Is Technology Affecting Our Relationships With Others?
Technology is at the forefront of today’s society and is pervasive in everyday life. However, there are many negative ways that this invasive technology can affect the way we communicate in our relationships with others.
According to Huffington Post, the study of technology in epigenetics shows us that our brain is becoming rewired by technology. In social media, we see into other people’s private spheres, creating this sort of bubble of immersion where we think we should be involved in people’s private lives. We either use this for better or for worse, to share our point of view of the world or interest or attract others.
So, technology rewires the way we communicate. How, you may ask? For example, with the rise in technology use in the workplace, people are expected to use the efficiency of technology to focus on work outside of the workplace, including at home. This invades the home life, causing loss of family connection and family conflicts. Technology affects the way we form friendships too. A California State University and UCLA study said that for young people, face-to-face interactions are less desirable than social media or texting. This could cause an inability to form lasting friendships or difficulty understanding social cues. When we send confrontational messages over phone rather than in person it blocks us from registering the negative emotional responses, which gives the illusion that we’re not really doing harm. Unfortunately, this also usually means we don’t use as much empathy, and often find ourselves sending a different message than we intended. It’s much easier to injure friendships online than in person because of the ease of creating misunderstandings electronically. With romantic relationships, technology helps couples to become more connected than ever, which can lead to more conflict and expectation. An instant reply is expected so when it is not there, it causes more problems than it should. “Whatever dating site you use, you ‘meet’ someone and immediately start fantasizing about them, because it can be more fun than reality,” says Bea Arthur, a mental health counselor of an online therapy website. “I see people delaying meeting in person for as long as possible, although we know better.” And in some extreme cases, one might fantasize being in a relationship with a fictional character on the internet, corresponding with addiction. This happened to Benjamin Painter, 32, of Dallas, who lost his ex-wife to a fantasy relationship she developed over Facebook’s Mafia Wars.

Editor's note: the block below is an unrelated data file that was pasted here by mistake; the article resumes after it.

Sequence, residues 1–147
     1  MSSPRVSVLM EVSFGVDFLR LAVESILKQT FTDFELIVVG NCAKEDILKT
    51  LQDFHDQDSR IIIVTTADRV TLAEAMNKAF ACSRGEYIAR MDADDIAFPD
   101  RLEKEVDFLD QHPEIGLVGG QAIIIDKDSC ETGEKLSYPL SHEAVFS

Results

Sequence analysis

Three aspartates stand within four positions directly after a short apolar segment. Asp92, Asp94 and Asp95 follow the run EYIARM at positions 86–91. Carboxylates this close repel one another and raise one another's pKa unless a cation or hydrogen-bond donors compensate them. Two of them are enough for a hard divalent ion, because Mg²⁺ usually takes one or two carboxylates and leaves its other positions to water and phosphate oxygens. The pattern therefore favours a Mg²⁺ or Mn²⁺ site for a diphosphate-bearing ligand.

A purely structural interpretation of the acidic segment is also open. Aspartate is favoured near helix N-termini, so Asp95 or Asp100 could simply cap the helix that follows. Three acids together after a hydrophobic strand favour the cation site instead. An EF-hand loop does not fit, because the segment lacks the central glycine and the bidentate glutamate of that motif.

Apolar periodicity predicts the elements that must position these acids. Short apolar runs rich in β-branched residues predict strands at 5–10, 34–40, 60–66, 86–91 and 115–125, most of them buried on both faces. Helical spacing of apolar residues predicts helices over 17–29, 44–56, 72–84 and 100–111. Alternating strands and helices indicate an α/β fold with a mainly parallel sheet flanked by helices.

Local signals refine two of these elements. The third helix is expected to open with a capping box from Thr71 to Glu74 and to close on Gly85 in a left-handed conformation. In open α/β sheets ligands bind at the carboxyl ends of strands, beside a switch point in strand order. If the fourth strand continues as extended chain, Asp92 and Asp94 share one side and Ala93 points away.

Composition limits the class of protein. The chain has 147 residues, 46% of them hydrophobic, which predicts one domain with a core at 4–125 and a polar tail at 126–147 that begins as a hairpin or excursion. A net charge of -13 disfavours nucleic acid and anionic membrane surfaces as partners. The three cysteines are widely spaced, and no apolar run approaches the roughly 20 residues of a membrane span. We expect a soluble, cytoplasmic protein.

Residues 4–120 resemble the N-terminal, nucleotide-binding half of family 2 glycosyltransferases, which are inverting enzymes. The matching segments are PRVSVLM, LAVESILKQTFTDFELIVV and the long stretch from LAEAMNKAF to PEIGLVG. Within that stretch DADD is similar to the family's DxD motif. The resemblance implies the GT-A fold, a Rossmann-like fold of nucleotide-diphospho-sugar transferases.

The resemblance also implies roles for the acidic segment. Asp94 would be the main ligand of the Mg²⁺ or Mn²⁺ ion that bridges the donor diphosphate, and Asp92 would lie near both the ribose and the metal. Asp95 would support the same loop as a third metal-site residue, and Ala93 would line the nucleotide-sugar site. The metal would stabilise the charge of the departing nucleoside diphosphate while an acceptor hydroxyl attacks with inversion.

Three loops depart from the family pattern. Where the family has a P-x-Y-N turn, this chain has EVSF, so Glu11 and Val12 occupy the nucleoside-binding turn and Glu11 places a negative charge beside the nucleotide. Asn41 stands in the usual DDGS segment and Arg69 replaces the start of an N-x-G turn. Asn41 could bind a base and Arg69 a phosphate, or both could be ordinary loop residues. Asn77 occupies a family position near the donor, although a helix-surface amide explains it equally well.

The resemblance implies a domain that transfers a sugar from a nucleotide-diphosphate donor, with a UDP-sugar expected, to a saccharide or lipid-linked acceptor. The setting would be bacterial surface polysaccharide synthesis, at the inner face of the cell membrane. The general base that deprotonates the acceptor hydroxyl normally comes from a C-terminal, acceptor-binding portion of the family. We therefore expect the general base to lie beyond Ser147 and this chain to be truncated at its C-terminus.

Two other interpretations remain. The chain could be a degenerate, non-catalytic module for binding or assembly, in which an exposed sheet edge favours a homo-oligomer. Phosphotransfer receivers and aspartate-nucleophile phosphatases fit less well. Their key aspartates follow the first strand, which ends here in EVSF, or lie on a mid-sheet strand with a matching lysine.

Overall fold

Technology is becoming a hindrance against the human connection in society. There is less compromise and community now then ever before. Technology has affected the way we perceive and portray emotions, therefore effecting the way we handle situations and talk to others. Do you think technology is affecting your relationships, or relationships in general? How/Why?